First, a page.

Imagine if you were to read the Bible just to read it. You are not preparing for a sermon or a Bible study. You are not trying to figure out the meaning of some difficult theological question. You are not even trying to read it devotionally. You are just reading it like you would a epic novel, where you allow the story to take over and let your imagination be shaped by that story.
Then after reading it through—yes all the way through—imagine that you tell a friend about it. Now this person is not a Christian and has only been observed churches from the fringe. But she has read her fair share of novels. She does not ask the normal kinds of questions that we church people might ask. Instead she just simply asks, "What makes the story work?" She's intrigued as to how such a long book could keep anyone's interest.
Your immediate response is "God." This answer might even surprise you at first because it's so simple but yet so true. He is the one who creates. He calls Abraham. He hears the cries of the of the Isrealite slaves and sends Moses. He anoints David. He sends prophets. He confronts. He loves. He sacrifices. Then Jesus comes. Jesus reveals God. Jesus heals. Jesus dies. Jesus rises. Then the Spirit comes and fills the church. Jesus through the Spirit confronts Paul. The Spirit sends forth leaders to start new churches all over the place with all kinds of miracles. Then in the last book, Jesus returns and restores all of creation. This story is about God.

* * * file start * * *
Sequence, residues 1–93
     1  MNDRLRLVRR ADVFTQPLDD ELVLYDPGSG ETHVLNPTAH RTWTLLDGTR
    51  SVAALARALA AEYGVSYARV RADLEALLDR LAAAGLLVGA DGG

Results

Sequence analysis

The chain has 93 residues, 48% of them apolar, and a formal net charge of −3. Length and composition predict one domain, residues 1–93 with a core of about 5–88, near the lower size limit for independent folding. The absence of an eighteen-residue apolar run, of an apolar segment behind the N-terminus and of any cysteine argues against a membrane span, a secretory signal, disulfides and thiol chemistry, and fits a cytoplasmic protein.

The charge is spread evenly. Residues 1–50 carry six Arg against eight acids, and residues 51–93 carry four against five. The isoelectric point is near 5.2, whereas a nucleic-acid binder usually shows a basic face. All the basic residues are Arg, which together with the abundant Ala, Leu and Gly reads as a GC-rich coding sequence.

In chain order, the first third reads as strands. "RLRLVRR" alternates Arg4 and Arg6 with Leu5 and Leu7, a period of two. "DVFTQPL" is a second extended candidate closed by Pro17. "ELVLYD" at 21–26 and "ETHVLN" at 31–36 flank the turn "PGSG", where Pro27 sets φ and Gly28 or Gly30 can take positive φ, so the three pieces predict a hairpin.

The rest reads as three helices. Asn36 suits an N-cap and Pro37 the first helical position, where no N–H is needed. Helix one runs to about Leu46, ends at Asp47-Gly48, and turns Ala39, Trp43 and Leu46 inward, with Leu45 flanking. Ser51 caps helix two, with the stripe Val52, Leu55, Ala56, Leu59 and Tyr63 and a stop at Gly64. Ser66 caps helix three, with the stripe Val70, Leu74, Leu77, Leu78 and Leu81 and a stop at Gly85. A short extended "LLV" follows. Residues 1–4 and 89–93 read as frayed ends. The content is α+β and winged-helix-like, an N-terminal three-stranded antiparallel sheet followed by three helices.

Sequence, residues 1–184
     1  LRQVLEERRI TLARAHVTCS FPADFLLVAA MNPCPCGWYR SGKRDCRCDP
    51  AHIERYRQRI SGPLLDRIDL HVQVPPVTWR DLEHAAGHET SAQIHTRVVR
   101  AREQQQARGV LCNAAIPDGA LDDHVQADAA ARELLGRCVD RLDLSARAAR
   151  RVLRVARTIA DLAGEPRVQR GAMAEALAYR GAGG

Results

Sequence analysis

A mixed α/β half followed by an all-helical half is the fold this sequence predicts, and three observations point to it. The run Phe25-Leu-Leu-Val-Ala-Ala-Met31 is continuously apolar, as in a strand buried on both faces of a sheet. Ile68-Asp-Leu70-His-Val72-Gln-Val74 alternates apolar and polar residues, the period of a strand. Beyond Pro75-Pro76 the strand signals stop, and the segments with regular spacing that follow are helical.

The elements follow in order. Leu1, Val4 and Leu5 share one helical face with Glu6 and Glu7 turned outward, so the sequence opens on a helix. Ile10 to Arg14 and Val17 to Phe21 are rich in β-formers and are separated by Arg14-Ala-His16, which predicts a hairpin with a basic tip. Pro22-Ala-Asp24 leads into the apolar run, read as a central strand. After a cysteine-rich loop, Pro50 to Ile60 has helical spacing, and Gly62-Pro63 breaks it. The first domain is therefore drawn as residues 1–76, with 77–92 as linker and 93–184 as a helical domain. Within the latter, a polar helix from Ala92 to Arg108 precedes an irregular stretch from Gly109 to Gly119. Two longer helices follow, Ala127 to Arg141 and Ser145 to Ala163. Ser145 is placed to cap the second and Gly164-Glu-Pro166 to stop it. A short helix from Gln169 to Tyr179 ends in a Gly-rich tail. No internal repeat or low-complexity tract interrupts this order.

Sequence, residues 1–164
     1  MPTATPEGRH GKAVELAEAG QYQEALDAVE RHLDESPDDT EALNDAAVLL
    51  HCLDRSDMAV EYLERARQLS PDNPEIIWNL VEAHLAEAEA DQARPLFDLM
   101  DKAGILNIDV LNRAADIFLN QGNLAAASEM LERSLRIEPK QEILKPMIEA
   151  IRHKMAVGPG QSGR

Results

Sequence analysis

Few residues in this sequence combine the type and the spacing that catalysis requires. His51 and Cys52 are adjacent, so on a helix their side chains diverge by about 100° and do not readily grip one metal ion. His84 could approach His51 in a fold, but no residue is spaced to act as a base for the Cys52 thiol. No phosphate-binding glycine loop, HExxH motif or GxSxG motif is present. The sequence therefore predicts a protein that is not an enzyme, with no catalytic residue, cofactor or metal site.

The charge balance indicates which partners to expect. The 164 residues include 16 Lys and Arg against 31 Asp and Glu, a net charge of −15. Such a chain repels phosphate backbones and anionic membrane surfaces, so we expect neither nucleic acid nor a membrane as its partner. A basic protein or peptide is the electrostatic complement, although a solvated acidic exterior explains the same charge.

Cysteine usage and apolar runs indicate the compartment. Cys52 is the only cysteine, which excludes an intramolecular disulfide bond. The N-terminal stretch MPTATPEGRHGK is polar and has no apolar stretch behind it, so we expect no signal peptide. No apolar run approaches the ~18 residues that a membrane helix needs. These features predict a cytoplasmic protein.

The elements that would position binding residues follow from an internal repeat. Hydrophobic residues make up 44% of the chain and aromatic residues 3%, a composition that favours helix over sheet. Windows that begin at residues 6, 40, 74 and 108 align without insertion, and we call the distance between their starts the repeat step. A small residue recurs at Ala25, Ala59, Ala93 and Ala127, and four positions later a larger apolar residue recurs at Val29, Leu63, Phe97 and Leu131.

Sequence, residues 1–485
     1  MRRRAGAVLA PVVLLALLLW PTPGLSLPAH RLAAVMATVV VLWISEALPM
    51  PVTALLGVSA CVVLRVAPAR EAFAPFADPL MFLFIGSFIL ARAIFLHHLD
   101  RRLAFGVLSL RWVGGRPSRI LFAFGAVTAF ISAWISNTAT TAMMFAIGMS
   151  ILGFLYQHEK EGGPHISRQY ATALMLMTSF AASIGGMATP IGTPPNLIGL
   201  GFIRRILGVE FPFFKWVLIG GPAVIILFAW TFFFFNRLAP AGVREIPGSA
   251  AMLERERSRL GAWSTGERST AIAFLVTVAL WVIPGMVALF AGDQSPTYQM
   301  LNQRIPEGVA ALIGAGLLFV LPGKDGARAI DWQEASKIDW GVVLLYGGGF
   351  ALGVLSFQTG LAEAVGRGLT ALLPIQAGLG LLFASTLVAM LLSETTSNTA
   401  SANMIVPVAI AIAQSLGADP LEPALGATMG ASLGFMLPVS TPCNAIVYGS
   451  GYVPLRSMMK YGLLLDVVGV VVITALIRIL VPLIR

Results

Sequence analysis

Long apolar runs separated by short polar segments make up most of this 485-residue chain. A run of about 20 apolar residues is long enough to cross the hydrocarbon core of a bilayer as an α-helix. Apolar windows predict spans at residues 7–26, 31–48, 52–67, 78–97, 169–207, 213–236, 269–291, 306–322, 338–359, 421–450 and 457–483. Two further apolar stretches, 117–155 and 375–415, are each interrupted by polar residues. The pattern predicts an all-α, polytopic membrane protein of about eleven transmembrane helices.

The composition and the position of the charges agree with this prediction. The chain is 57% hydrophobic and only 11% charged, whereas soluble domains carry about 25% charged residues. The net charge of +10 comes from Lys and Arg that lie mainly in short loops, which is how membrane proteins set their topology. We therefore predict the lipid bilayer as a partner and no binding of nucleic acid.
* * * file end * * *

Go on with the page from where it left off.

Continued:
Then she asks, "What do you mean?" You say something like, "Well God's active presence with his people is what carries the entire story. It's that simple."
She flippantly ask, "If that's true about the Bible, is it true about God's people today?"
How do you respond to her?
We have our Bible studies. We have our DVD curriculum. We have our nice meetings where we gather in homes and we share conversations with one another. We have our "good advice" sessions where we try to help each other through tough times. We even have our worship song time in our groups.
But should any of these things "mark" us as God's people? We have nice groups. We know how to do that. No doubt. But we need groups that experience the active presence of God, where we know his love, his leading and his shaping. Jesus is the center of life, the one through whom we relate to one another.
Why don't we hear more about this in our small group literature and training?
Now we have missional communities who gather around a action or a cause. Good yes! But is the cause, the social action, the intentional outreach that which should mark missional communities as God's people?
If we are going to move our groups beyond simply connecting people so we can close the back door, we need a cause that's bigger than us, but even more we need to know God's presence. God is the one on mission. He is the one who is actively redeeming creation. If we don't know God's presence, then how can we get involved in HIS mission?
For the next post in this series, Practice #6, click here.